When dreams come true: Greenland, part 1

Our guest writer Anna tells about her voyage to Greenland. We’re not jealous. At all.

When dreams come true: Greenland, part 1

In the Spring of 2016 an opportunity arose to participate in a trip to one of my dream destinations, Greenland. We grabbed the chance with curious minds, with canoeing, dog sled rides and hiking awaiting us. We took a flight via Copenhagen to Kangerlussuaq, a city on the west side of the Greenland. Our next stop would be the neighboring city of Sisimiut before Ilulissat, our final destination further up the coast. This is also where a Unesco World Heritage Site – the ice fjords – is located .

When it comes to outdoor hobbies, weather plays a pivotal role and one needs to pay close attention to packing. The mental image of Greenland in Spring was fairly vague so, not counting bikinis, I packed a large variety of clothing to go. We were fortunate enough to experience a temperature from -5 °C to +10 °C with the sun shining through the whole week.

 Canoeing in the birth place of the kayak is humbling experience

We got to visit the shed of the local canoeing club, learning how kayaks are make, what gear they use and how to properly wield the paddle.

The kayak is still used in fishing and hunting birds and seals but it’s no longer something people know how to use instinctively. You can’t buy kayaks from the local shops and no one there uses the more globally known plastic or fiber ones.

You make your own kayak.

The hull is made of wood and there’s a painted canvas stretched over the whole frame. The spray deck is sealskin, the paddle is wooden and narrow, a proper Greenlandic one. There are no seats or beams for leg support. They even lack the modern cargo hatches because well…they didn’t used to do this as a hobby, did they?

Between the icebergs

With all that said, the ones we got to use were still the plastic ones or “kayak-like boats” as the locals liked to call them.

They were very particular about people not mistaking real kayaks with the touristy ones.

It was an ordeal of its own to squeeze into the wet suit and neoprene slippers/gloves/headgear. Haven’t really needed anything like that back home. After a thorough safety check along with a route plan, we took off. And yes, I felt butterflies. For someone who has only canoed inland, something as ridiculously endless as the sea was a brand new opponent.

The cove was still under a thin layer of ice. We quickly abandoned its safety and glided into open waters, facing wind, strong currents and riptides. The first few feet I was gripping the paddle knuckles white and swinging it around like a madman. It took me a while to relax and find the correct technique. Surrounded by the clear blue sea and the rugged snow-covered mountains. You have no idea!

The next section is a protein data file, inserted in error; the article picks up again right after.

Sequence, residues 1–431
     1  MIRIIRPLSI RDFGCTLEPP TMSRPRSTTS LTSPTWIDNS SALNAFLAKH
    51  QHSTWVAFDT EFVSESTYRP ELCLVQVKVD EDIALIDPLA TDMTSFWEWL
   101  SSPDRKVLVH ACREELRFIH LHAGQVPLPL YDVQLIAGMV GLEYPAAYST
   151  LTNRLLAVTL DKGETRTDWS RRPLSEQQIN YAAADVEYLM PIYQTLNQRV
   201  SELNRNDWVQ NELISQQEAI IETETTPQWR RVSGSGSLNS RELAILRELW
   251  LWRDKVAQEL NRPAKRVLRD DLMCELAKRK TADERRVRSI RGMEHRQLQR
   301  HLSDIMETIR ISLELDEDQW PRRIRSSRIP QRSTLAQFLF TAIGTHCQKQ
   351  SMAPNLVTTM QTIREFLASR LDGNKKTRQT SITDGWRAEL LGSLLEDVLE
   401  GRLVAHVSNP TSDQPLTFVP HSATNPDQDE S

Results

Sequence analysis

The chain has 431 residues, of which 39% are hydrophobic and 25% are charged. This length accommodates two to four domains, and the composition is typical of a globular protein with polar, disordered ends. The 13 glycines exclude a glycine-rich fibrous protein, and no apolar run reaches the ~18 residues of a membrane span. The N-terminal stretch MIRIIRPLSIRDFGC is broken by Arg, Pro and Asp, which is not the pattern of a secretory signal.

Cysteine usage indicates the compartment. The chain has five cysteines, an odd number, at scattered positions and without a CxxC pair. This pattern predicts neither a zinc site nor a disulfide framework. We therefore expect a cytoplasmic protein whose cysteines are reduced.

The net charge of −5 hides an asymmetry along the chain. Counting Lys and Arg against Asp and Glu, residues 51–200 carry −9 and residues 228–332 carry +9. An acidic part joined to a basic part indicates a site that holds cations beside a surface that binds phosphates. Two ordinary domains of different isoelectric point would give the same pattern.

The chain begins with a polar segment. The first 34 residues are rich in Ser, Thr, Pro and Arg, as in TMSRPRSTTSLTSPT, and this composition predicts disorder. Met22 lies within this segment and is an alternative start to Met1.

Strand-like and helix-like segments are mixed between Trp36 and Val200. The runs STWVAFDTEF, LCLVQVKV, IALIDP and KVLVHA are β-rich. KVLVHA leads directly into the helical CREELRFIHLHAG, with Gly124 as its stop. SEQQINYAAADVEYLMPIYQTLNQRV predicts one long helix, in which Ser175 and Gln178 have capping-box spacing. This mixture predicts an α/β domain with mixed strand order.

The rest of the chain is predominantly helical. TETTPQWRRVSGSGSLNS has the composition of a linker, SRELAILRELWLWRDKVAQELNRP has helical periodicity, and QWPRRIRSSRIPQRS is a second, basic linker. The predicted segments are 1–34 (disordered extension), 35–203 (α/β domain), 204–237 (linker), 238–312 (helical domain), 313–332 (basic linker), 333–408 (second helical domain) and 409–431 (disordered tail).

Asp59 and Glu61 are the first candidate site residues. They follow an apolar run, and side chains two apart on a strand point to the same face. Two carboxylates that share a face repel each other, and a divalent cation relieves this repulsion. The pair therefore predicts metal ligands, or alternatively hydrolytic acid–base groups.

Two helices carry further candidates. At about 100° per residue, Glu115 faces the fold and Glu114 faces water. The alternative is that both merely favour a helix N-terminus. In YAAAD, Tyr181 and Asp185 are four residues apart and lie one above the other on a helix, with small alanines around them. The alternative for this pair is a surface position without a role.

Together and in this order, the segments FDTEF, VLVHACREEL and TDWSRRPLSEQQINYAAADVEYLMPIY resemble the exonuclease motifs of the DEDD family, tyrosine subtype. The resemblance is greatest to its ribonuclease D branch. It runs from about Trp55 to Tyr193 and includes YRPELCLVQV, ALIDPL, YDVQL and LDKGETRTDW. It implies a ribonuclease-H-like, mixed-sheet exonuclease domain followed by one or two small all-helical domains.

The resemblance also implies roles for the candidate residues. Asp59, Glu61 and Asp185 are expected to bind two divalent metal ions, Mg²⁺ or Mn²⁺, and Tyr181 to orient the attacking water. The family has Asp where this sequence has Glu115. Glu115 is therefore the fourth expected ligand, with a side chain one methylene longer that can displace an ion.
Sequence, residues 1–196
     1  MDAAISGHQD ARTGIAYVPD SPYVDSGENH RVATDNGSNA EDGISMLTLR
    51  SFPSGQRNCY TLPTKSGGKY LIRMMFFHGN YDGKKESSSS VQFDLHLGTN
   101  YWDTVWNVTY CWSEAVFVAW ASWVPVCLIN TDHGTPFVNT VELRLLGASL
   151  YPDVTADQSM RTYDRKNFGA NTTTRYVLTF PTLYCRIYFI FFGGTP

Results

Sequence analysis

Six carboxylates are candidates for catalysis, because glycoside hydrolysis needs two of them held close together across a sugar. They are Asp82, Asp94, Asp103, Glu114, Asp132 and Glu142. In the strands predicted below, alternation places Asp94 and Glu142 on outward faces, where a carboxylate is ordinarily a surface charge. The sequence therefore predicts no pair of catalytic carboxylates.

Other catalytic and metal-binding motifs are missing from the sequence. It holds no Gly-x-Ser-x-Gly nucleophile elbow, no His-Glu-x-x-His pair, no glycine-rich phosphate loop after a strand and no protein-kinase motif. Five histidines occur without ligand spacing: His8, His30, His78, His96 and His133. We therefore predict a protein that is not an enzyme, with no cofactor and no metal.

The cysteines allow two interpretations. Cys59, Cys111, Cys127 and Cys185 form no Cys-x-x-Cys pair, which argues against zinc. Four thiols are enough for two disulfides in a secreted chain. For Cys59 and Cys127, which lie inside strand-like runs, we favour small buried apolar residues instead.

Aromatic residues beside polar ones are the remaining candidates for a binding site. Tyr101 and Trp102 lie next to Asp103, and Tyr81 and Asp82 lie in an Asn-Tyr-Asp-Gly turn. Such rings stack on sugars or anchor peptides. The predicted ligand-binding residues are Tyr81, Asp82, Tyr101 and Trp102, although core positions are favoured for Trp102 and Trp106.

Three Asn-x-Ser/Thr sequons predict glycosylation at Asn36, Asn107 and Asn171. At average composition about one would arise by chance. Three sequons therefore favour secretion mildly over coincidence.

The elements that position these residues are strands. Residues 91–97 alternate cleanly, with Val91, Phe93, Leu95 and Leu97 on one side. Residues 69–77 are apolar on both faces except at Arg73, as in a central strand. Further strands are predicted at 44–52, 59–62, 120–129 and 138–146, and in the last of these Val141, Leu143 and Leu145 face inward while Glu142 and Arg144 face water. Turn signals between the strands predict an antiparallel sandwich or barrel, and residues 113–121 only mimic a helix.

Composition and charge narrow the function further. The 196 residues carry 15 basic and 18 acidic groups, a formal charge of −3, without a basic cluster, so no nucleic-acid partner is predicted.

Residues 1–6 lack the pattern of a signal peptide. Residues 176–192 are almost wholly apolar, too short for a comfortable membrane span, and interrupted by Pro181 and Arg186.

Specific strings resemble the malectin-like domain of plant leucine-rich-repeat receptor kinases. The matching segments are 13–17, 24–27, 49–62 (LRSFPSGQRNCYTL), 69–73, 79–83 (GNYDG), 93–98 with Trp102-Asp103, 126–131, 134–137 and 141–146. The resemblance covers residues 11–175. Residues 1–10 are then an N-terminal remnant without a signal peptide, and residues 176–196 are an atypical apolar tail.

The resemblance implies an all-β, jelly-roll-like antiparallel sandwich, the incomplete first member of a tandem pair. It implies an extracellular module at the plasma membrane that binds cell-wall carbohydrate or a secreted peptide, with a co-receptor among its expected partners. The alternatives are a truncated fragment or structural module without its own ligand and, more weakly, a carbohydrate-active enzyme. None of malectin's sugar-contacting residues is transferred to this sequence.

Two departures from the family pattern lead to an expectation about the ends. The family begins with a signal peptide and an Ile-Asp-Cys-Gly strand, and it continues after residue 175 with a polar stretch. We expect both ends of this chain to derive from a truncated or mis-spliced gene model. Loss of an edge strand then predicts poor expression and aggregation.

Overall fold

Our local guide lead us to some inspiring locations along the coastline, telling us about the area and its colorful buildings. Each color used to represent a store, a public building and so on.

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As we moved on, we came across icebergs. We needed to be very cautious around them because they could turn upside down or a part could break off. We also had to remember that most of an iceberg is underwater, so you don’t want to get too close. But the color spectrum we saw: turquoise, different shades of blue and brown and grey and even white! Not to mention the different shapes and sizes of those ice giants.

We took lunch on a sandy beach.

This was when I needed to pinch myself. The sheer contrast of nature, combining icebergs with sandy shores.

Later in the day we had a chance to see the canoe club members’ rope training. It’s an old method to work on and maintain physical form, flexibility and coordination. This simulates different kayak control techniques such as the Eskimo turn. The cherry on top was witnessing the performance of Greenland’s Eskimo turn champion.

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The initial experience in Greenlandic nature was astounding and there were plenty of unbelievable things to come but that’s for a later time.

 

//Anna

Anna Laakso calls herself a numerically middle-aged hiker who fuels on nearby locations and dares to venture farther from time to time. The fellowship is completed by the Cartographer and Paw Patrol.

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